Give the gift of science empowerment this year!

Biology Everywhere isn’t your typical science book. And it’s definitely not a textbook. At the core, Biology Everywhere is about empowering people to engage with science by making it directly accessible and relatable to our everyday lives. Rather than a collection of facts and information about the natural world, it’s how we experience biology in our daily lives … and also how biology interfaces with other disciplines like art and business in new ways. Here’s a list of five p

Are we in the midst of a zombie pandemic?

What does it mean to be alive? How do I know is something is living or not? These are deceptively simple questions. Although we start learning to differentiate what is (or isn't alive) from an early age, it isn't always straightforward. Although some things like trees are clearly alive and some things like rocks are clearly not--cars are not alive and yet meet 3/5 criteria for life. Viruses, like COVID19, are even trickier to classify as living or not. So is the #COVID19 pand

Exploring Biology Everywhere with Kiddos

One question I'm frequently asked is about #biologyeverywhere activities to do at home with kiddos--especially right now during the #COVID19 pandemic. Here's a fun activity that I did with my son that you can try on your own. I've included suggestions for adapting to different ages and leading questions that you can use to help explore biology. I'd love to see pictures of your progress, so please share them with me :-) I'm also more than happy to answer any biology questions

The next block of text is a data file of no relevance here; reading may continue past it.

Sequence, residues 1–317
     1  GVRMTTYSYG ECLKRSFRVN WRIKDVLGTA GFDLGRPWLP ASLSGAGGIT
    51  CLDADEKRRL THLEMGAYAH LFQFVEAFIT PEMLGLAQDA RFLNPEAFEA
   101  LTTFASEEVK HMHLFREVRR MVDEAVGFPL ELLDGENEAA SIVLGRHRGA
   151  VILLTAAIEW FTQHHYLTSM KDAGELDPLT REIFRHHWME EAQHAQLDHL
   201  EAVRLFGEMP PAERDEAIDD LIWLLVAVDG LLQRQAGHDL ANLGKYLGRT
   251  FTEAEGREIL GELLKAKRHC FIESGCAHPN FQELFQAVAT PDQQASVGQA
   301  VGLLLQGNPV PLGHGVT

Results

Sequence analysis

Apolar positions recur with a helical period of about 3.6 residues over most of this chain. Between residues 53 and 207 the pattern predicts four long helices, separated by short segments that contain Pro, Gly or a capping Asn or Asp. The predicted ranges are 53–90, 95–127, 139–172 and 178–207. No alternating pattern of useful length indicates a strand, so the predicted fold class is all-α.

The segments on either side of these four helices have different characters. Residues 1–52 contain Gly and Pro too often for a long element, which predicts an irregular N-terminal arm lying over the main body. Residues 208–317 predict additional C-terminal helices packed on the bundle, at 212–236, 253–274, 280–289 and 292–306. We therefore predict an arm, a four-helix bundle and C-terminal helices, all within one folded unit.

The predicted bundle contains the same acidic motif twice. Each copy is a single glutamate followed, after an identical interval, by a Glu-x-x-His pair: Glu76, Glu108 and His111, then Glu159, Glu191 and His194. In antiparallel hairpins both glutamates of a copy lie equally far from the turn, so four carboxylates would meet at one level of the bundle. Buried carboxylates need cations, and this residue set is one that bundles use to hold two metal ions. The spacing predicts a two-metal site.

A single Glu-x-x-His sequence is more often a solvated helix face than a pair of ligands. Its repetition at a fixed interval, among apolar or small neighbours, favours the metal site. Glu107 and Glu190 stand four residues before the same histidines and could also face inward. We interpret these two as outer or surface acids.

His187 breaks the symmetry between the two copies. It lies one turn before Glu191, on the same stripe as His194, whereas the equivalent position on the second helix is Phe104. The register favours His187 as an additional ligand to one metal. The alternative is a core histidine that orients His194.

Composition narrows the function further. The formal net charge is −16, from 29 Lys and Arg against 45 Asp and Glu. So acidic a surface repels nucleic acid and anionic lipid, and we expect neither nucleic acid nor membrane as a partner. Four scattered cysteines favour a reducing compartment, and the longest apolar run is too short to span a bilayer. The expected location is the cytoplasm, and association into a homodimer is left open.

Exploring the Diversity of Life in Your Immediate Environment

One of the easiest ways to engage with #biologyeverywhere is to look out your window or step outside. How many living things can you see if you look out your window right now? Can you count the number of different animals and plants that you see? Is there anything unique about the plants/animals that you see that is special to where you are in the world? For example, do you live near a body of water? Is the air salty? Is the air dry? Or wet? These non-living or abiotic factor

Panic Buying and Hardin's Tragedy of the Commons

With the first cases of #COVID19 in the United States also came the mass buying of toilet paper. The first commercially available toilet paper came about in 1857 as Gayetty's medicated paper. The free Sears and Robuck Catalogs (because why would you pay for something that you are literally going to use to wipe your bottom with?) were also popular for post-defecation cleaning. What did people do without toilet paper? Bidets originated as small bowls seated in a stool used fo

Is my reusable grocery bag actually greener?

Plastic bag bans are in the news--but are reusable bags actually more earth friendly? What can biology, and more specifically ecology (the study of interactions among living beings) tell us about the decision to reuse. Check out the first #biologyeverywhere video, a collaboration between Biology Everywhere and Evosense! Enjoy! #plasticbagban #reuse #reduce #refuse #recycle #biologyeverywhere #ecology #conservation

Oh no, another article on the coronavirus? Here's a different take...

Like everyone else, I'm following the news on #coronavirus. Also like you, I’ve seen conflicting information about coronavirus and how worried (or not worried) we should be right now. Is it worse than the flu or not? Are people making a mountain out of a molehill? Is it going to shut my kid's school down? Should I cancel upcoming travel? Should I join the masses of people stocking up on toilet paper and hand sanitizer? Rather than join all the others out there making my opini